The California LGBT Arts
The talk will take place on April 13 from 2 to 3:30 p.m. at the West Hollywood City Council Chambers, 625 N. San Vicente Blvd. It is co-sponsored by the City of West Hollywood’s Arts Division. There will be
This talk is in conjunction with the current exhibition, “The Gutter Art of Stephen Varble: Genderqueer Performance Art in the 1970s, photographs by Greg Day,” which runs through May 17 at the ONE Archives. The exhibit brings to light the work of performance artist Stephen Varble ( 1946-1984) through photographs taken by Greg Day of his costumes, performances and collaborations. Getsy, curator of both the ONE Gallery exhibition and Stephen Varble’s 2018 retrospective exhibition in New York, will provide a behind-the-scenes overview of the exhibition and of Stephen Varble’s life and work. Drawing on primary and archival research, he will tell the untold story of Varble’s dynamic and disruptive career as a performance artist, playwright, filmmaker and video artist. Varble was antagonistic to commercialism and art’s institutions, and he stormed galleries, boutiques, and banks in glamorous gender-confounding costumes made from trash.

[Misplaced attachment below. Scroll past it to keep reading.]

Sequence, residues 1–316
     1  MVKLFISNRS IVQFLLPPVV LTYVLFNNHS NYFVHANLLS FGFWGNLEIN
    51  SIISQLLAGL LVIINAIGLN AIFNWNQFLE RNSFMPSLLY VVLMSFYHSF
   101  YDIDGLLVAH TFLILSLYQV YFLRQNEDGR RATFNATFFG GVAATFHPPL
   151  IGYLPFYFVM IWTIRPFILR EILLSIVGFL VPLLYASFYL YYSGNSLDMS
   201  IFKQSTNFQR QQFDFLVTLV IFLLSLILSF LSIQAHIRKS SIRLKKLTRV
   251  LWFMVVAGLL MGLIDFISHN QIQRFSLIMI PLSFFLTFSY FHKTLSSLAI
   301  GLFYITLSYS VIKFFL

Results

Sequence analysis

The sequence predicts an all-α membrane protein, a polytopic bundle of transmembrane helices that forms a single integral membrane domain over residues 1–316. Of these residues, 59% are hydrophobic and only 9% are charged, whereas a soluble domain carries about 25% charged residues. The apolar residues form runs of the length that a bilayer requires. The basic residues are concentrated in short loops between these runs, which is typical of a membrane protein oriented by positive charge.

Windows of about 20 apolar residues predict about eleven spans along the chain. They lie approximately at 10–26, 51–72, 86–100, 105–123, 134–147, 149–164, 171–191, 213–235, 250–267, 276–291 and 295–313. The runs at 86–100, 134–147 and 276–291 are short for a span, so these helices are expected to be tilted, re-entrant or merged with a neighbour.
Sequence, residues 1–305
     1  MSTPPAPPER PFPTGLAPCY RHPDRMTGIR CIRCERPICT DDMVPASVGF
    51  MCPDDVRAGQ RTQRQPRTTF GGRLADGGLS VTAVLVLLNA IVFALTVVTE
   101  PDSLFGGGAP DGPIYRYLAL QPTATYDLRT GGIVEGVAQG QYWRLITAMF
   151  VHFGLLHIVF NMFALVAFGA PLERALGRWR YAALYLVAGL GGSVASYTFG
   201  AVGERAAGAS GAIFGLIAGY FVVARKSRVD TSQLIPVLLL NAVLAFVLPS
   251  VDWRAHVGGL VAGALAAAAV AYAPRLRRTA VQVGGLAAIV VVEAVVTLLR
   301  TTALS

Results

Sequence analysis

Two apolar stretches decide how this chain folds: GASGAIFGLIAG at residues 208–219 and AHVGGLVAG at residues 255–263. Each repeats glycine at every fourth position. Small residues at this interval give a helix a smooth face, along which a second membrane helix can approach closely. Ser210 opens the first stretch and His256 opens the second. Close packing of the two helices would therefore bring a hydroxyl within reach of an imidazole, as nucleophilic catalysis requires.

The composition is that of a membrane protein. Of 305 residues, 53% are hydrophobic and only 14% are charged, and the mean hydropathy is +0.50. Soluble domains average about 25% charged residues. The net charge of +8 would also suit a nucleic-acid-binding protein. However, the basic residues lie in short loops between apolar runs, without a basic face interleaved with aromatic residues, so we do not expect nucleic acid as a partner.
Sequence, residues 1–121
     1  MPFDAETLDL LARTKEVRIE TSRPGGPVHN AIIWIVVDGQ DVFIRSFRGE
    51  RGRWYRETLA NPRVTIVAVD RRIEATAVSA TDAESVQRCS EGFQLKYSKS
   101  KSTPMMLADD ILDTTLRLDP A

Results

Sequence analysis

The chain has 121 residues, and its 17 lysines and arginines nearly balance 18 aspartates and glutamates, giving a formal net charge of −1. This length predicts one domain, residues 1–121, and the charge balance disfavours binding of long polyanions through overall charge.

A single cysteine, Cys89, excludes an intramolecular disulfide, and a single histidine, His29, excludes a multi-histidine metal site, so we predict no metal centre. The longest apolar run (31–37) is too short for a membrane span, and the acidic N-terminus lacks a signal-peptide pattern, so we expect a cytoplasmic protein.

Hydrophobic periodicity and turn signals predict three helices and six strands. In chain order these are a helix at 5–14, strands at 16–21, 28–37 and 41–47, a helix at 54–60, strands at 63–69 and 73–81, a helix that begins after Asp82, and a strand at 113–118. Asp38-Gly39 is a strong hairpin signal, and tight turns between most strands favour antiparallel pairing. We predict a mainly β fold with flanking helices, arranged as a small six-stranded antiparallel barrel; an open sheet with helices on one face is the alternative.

Getsy also is an author whose books include “Abstract Bodies: Sixties Sculpture in the Expanded Field of Gender” (Yale 2015), “Rodin: Sex and the Making of Modern Sculpture” (Yale 2010), and the anthology of artists’ writings, “Queer” (MIT 2016).
Greg Day is a Los Angeles based photographer, who was a collaborator with Stephen Varble, capturing the inventiveness and energy of his trash couture and costume confrontations in hundreds of photographs during 1975 and 1976. Day is also a curator, social justice advocate and artistic director of the California LGBT Arts Alliance. He was one of the founders of the Queer Cultural Center in San Francisco in the mid-90’s and served on its board until relocating to L.A. in 2001. While executive director of the California LGBT Arts Alliance from 2012-17, he significantly increased the organization’s presence in West Hollywood and the L.A. region. Day’s photographs document over 40 years of LGBT life in California, New York and the American south.